The Cultural Revolution
After investigating ‘acupuncture anesthesia’ in the People’s Republic of China in 1973, John Bonica wrote:
From the guarded comments made by several anesthesiologists, I concluded that this disuse [of ‘acupuncture anesthesia,’ after its introduction in 1958 until the Great Proletarian Cultural Revolution began in 1966] was the result of disappointing failures in a significant proportion of patients. During the Cultural Revolution this “negative” trend of not using acupuncture was considered the work of revisionists, and subsequently greater emphasis was given to the widespread use of acupuncture in all hospitals.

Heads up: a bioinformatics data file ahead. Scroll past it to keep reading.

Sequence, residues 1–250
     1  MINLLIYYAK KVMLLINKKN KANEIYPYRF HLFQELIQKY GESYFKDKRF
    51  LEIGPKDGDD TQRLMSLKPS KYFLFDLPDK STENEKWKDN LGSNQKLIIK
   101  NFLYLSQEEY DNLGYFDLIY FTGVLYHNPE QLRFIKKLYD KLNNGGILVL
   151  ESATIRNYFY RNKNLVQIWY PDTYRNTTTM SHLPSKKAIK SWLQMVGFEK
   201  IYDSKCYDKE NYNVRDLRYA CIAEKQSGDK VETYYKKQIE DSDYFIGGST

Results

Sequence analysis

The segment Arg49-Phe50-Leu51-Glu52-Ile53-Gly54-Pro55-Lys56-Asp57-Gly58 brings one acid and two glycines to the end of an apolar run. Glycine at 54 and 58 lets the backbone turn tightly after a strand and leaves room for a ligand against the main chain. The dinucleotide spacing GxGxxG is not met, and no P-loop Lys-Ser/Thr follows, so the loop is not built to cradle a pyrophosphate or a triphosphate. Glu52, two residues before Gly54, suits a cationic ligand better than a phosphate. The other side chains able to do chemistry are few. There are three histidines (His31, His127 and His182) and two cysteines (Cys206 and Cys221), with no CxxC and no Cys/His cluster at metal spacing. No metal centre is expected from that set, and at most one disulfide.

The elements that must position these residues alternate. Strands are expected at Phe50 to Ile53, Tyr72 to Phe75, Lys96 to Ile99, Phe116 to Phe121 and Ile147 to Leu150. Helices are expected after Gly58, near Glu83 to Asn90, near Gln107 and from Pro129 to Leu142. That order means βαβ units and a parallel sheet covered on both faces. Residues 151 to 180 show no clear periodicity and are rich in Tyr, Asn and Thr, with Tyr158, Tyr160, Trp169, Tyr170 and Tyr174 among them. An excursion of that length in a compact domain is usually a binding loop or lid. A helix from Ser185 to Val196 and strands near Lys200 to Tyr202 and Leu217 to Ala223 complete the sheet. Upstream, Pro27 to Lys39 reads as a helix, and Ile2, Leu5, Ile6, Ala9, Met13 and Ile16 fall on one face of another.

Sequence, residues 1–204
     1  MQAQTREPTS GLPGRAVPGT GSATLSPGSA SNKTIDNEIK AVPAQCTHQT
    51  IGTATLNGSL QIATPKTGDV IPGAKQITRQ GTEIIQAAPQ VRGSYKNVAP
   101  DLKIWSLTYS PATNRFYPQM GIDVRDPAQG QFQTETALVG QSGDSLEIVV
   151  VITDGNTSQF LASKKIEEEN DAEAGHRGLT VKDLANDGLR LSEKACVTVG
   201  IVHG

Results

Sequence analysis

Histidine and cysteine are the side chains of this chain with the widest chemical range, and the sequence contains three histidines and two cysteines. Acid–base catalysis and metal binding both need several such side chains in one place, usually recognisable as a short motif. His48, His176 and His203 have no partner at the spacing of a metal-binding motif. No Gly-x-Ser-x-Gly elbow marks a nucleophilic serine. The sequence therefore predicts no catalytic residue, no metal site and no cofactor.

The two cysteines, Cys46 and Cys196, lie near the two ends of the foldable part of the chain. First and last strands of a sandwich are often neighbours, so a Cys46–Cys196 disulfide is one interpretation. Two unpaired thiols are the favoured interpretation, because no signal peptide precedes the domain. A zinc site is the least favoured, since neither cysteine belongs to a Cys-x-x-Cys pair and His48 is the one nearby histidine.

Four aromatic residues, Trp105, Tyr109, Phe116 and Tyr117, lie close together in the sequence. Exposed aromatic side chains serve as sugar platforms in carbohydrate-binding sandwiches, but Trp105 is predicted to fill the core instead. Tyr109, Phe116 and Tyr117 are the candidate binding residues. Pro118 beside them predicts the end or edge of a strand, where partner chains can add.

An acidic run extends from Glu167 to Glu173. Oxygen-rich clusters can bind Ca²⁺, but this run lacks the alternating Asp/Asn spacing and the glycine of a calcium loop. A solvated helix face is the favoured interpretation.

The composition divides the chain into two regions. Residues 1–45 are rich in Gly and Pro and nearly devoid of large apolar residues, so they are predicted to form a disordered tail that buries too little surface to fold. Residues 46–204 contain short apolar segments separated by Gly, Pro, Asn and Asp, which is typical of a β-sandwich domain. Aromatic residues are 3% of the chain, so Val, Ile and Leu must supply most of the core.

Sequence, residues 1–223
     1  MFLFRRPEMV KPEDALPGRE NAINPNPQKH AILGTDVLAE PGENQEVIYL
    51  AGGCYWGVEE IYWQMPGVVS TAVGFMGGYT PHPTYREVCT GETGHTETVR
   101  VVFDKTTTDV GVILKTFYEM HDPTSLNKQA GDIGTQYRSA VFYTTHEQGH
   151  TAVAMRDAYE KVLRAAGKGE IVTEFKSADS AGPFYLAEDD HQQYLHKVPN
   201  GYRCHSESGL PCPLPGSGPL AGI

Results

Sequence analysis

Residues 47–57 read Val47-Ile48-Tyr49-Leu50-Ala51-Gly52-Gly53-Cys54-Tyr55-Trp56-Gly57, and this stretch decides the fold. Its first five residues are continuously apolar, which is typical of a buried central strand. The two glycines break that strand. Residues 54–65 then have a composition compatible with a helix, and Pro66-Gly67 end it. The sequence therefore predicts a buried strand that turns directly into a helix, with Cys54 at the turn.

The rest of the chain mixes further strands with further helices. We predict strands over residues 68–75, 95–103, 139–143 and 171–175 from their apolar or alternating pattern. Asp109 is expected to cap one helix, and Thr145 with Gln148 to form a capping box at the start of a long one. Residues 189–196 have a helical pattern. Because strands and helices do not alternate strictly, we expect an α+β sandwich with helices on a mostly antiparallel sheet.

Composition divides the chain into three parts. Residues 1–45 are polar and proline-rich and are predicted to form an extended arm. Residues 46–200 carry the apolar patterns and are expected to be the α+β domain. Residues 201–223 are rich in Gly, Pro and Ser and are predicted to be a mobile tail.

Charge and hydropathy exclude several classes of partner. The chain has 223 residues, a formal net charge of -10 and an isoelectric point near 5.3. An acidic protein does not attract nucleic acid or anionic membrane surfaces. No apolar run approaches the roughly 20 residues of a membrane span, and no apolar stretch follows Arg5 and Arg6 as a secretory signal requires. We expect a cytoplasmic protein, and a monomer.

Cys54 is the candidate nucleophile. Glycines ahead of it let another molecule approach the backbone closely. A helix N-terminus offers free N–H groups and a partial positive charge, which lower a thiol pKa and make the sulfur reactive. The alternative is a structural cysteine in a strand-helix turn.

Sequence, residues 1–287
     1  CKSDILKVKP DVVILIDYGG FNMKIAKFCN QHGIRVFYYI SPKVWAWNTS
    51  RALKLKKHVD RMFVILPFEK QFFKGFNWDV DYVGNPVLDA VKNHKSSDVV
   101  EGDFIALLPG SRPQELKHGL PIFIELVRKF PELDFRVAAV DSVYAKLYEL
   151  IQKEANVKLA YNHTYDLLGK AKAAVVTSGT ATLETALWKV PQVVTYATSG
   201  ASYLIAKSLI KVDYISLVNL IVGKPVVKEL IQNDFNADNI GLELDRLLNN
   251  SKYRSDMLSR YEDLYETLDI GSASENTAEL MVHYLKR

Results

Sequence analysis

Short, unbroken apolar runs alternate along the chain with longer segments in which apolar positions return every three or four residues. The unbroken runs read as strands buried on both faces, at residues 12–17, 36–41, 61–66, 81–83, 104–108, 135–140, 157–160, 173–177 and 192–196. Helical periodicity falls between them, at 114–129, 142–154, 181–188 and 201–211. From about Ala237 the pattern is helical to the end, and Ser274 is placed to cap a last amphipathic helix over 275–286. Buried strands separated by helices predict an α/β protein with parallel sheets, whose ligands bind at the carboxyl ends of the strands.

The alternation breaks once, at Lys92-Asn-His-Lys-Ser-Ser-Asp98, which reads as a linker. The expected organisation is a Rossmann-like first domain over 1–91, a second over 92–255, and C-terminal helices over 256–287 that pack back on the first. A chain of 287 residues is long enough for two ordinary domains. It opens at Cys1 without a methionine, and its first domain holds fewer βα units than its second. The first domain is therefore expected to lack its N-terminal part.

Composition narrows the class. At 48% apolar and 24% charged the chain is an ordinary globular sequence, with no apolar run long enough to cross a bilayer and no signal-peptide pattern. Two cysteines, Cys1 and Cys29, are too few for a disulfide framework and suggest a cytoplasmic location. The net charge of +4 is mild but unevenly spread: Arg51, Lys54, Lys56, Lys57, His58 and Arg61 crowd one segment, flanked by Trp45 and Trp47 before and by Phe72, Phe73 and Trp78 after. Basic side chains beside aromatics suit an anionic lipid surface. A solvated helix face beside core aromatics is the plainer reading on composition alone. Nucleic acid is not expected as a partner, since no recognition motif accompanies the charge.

Similarly, according to Petr Skrabanek,
Those who dared ask such awkward questions [about ‘acupuncture anesthesia’] were branded as “counter-revolutionary revisionists.”
Skrabanek’s reference for that assertion was this 37-page pamphlet: